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    Site Caretaker Dave A's Avatar
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    What % membership in the cc did the unfortunate 3rd member hold?
    The trouble with opportunity is it normally comes dressed up as work.

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    Platinum Member desA's Avatar
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    What % membership in the cc did the unfortunate 3rd member hold?
    Dave, a very valid question. 20% shareholding. The share structure was 60%, 20%, 20%.

    This was a classic mistake in CC law. A minimum 'blocking' % needs to be at least 26%.

    The problem was that only one business meeting was ever held between all three CC members. It would be understood that, at routine business meetings, various members voting as they see fit. This is business. The difficulty came in that when the initial challenges arose (over correct turnover declarations, operating expenses & tax due), one of the early plays by the hijack attorney, was to attempt to bar the 3rd member from meeting, or even talking to the other CC members. So, no members' meetings were ever held after that.

    Based on the modus of the hijackers, even controlling interests could have been bypassed by their tactics.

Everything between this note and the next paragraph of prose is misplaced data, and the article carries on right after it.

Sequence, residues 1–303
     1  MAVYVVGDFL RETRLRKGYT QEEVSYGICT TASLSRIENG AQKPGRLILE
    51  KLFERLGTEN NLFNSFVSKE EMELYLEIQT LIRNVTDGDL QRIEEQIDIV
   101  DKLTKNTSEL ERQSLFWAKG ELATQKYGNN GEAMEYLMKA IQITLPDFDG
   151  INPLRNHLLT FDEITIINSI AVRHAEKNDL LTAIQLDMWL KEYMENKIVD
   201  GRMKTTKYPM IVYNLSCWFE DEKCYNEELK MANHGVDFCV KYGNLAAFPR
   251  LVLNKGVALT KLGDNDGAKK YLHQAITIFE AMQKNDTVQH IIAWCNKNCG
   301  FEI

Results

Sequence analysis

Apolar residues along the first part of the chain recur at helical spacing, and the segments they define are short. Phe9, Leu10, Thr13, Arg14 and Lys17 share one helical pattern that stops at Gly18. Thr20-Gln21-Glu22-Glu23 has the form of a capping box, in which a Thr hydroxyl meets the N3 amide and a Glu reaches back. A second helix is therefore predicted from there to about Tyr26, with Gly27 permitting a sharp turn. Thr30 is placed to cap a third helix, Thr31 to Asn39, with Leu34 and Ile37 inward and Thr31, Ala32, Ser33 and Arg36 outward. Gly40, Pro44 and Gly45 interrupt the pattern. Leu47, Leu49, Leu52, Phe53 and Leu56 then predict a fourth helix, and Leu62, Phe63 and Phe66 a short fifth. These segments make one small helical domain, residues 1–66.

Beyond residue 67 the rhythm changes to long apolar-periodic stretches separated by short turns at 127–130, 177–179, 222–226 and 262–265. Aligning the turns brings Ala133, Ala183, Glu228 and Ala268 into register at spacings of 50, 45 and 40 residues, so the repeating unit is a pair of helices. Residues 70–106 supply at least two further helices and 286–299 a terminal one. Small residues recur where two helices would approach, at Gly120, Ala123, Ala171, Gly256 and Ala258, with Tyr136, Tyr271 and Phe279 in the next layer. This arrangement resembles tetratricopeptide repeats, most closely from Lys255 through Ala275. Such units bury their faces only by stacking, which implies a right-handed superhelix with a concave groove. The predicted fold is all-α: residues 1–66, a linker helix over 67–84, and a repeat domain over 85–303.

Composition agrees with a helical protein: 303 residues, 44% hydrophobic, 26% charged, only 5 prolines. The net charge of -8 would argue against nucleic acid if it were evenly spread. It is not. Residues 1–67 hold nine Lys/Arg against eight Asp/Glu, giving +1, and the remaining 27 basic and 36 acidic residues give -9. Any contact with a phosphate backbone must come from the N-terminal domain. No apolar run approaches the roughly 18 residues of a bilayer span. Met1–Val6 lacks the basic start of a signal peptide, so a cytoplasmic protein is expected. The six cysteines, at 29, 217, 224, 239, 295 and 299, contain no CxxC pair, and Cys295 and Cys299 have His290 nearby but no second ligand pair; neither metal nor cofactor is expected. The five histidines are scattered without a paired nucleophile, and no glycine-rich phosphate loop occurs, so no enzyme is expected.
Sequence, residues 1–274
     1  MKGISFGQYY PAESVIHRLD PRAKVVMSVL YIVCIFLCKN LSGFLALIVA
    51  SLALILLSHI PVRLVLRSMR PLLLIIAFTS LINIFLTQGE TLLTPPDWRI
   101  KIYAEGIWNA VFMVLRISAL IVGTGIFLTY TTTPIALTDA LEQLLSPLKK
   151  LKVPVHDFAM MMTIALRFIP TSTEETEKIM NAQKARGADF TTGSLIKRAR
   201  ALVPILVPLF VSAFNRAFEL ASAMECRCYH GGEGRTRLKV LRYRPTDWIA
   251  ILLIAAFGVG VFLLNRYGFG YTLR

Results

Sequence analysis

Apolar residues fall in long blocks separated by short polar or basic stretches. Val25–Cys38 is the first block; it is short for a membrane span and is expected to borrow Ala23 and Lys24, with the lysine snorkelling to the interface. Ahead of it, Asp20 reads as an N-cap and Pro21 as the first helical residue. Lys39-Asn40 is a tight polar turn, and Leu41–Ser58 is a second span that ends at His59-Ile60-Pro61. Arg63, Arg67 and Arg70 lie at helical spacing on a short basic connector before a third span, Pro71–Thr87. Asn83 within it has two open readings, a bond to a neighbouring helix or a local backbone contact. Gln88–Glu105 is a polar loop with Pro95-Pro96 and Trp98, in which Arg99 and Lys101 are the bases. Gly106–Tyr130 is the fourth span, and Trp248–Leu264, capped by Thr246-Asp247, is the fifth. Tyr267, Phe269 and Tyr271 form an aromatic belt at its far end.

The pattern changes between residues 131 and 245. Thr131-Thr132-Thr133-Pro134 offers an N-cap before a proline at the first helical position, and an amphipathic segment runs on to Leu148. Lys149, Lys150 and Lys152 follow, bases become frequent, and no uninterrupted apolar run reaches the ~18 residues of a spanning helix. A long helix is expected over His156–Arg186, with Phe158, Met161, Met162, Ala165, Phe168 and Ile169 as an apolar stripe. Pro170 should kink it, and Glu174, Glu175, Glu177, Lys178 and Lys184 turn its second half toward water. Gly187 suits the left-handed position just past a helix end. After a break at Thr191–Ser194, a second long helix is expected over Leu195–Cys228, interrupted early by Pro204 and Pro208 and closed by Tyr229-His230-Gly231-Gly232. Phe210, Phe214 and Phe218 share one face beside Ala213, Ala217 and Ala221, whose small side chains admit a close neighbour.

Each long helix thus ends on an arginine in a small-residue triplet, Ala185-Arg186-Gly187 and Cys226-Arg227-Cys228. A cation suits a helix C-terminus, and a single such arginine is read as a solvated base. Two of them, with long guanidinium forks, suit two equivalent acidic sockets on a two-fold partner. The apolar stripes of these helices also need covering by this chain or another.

Hijacker's Principle #4
    Use every means to isolate the hijack victim from being able to protect their interest in the business / CC.

    Ironically, the very principles used by the hijackers, in isolating the hijack victim from the hijackers are these that allow liquidation of a business, in law.

    Anti-Hijack Principle #1
    He who controls the money, is king!
    In search of South African Technology Nuggets(R), for sale & trading in South East Asia.

  12. #9
    Platinum Member sterne.law@gmail.com's Avatar
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    Unfortunately, as pointed out, even if the law and facts support you, the question is, do you have the money and/or fortitude to go through with it.
    And it's not about what your rights are or what the law says, it's what people actually do. Sad, but true.

    If there are other creditors a liquidation application may be the answer. Even if stripped, the liquidators can declare it a below value sale. There is also pier ing the corporate veil.
    However, critically, unless there are assets here, it may not even be worth considering. And obviously it still comes with legal costs. Liquidation do however sometimes have spin off, if you get interdicts.

    On a separate note, gain its legal fees, sorry, a minority shareholder can approach the court for a 'liquidation' where there are disagreements.
    Anthony Sterne

    www.acumenholdings.co.za
    DISCLAIMER The above is merely a comment in discussion form and an open public arena. It does not constitute a legal opinion or professional advice in any manner or form.

  13. #10
    Platinum Member desA's Avatar
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    Thanks for your wise comments, Anthony.
    In search of South African Technology Nuggets(R), for sale & trading in South East Asia.